usually requires extra effort – not to mention time, expenditure and hassle. But a new water park opening in Texas tomorrow aims to make all those problems disappear.
, which calls itself the world’s first accessible waterpark, has been designed especially for people with mobility issues. What’s more, every visitor with a disability gets free entry.
The water park is part of Morgan’s Wonderland, an accessible theme park in San Antonio that opened in 2010. Owners Gordon and Maggie Hartman named it after their daughter, Morgan, who has both physical and cognitive disabilities. Inspiration Island will, the Hartmans say, be “the world’s first all-inclusive splash park.”
Inside the world’s first wheelchair-accessible water park Inside the world’s first wheelchair-accessible water park
The $17m (£13m) park, overlooking the Wonderland’s fishing lake, will have six attractions including a jungle-themed five-minute river boat ride which is wheelchair accessible. Five tropical-themed “splash pads” or play areas will include elements like geysers, water cannons, jets, “raintrees” and “tipping buckets”.
Rather than risk damaging your own wheelchair, the park has designed specially accessible, waterproof wheelchairs, which are powered by compressed air instead of batteries. The lightweight chairs – which weigh about half of a normal power chair – are handed out for free on a first come first served basis. Waterproof buggies and manual wheelchairs are also available. Service animals are allowed in the park, though not on the splash pads.
Other features include water temperature control, so cold-sensitive visitors can still use the attractions, special quiet areas for those sensitive to noise, and high-tech wristbands designed to locate guests who might wander. Even the water is constantly filtered and recirculated, to make it eco-friendly as well as as healthy as possible.
The park offers waterproof wheelchairs free of charge to visitors (Robin Jerstad/Morgan’s Inspiration Island)
Srin Madipalli, CEO of who has done everything from scuba dive in Bali to wheelchair-trekking in Yosemite, told The Independent:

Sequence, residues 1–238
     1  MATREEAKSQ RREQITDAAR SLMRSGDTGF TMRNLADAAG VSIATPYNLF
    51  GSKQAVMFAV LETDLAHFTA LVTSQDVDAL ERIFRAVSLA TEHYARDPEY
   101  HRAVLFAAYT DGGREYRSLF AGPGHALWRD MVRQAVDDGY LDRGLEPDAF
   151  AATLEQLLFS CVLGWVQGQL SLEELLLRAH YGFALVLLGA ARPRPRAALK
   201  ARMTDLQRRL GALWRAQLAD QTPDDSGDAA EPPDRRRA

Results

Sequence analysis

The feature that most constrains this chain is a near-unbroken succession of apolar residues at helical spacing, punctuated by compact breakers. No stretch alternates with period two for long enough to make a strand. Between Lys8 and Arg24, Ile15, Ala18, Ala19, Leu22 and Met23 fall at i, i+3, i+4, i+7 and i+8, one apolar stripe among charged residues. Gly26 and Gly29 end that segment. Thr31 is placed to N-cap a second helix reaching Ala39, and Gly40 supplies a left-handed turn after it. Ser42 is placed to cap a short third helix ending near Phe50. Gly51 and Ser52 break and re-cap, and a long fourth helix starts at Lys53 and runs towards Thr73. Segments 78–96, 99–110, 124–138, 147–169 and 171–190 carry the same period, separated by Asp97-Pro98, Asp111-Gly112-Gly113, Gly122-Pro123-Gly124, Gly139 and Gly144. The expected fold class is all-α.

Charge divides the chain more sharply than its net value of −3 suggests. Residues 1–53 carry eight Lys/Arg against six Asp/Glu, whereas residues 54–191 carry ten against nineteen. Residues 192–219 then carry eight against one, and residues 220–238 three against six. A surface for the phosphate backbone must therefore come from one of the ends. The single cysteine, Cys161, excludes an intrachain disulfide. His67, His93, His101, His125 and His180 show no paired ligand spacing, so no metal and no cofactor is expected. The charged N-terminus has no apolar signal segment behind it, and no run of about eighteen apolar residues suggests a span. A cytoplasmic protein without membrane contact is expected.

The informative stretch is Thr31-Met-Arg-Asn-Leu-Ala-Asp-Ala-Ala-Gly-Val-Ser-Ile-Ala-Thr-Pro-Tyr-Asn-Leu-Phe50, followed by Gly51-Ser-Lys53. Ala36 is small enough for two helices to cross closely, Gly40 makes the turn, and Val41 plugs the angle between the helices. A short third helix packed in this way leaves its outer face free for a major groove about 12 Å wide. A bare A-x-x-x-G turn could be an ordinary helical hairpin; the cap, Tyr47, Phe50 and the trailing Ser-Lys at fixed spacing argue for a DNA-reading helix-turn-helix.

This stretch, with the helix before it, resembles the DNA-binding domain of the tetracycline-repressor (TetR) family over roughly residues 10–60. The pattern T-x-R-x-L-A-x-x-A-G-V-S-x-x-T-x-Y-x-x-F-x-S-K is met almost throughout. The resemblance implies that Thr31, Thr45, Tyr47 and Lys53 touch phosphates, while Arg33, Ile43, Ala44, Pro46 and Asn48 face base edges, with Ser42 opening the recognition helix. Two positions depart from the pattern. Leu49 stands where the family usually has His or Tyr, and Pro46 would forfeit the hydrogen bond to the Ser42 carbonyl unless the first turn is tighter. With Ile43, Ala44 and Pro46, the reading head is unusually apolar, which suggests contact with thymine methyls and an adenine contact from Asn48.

“Morgan’s Inspiration Island would have been an absolute dream to me as a kid. Accessibility is so often an add-on or an afterthought, but here they’ve really thought through everything to make the park ‘ultra-accessible’.
“I love the high tech features. I have very little muscle function, and get cold quickly, so the way they can change the water temperature, is ideal. It shows a brilliant level of insight into different individuals’ needs, which is really quite unusual. Normally a waterpark on this scale might offer an accessible changing room and a pool hoist to help you get into the water but very little else. The fact that this waterpark has accessibility built into every feature is truly inspiring – and looks like great fun!
“It’s great to see such inclusive facilities being developed.”
But don’t think of it as a park for disabilities. “Like Morgan’s Wonderland, Morgan’s Inspiration Island is not a special-needs park; it’s a park of inclusion,” Gordon Hartman said in a statement. “Both were designed with special-needs individuals in mind and built for everyone’s enjoyment.”
The icing on the cake? Prices are well below usual theme park rates. Visitors with disabilities get in free, while regular entry costs $17 (£13) for adults, and $11 (£9) for children.
The water park will be open daily until mid-August and then on weekends the rest of the year.
For something closer to home, in Blackpool has won awards for its accessibility.